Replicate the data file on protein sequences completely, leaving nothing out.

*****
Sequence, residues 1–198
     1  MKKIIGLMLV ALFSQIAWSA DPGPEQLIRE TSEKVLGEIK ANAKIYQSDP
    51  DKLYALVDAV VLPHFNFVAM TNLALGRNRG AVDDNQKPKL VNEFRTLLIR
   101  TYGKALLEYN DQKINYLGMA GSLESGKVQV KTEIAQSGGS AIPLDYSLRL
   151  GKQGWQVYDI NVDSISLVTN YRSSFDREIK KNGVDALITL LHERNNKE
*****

Sequence, residues 1–198
     1  MKKIIGLMLV ALFSQIAWSA DPGPEQLIRE TSEKVLGEIK ANAKIYQSDP
    51  DKLYALVDAV VLPHFNFVAM TNLALGRNRG AVDDNQKPKL VNEFRTLLIR
   101  TYGKALLEYN DQKINYLGMA GSLESGKVQV KTEIAQSGGS AIPLDYSLRL
   151  GKQGWQVYDI NVDSISLVTN YRSSFDREIK KNGVDALITL LHERNNKE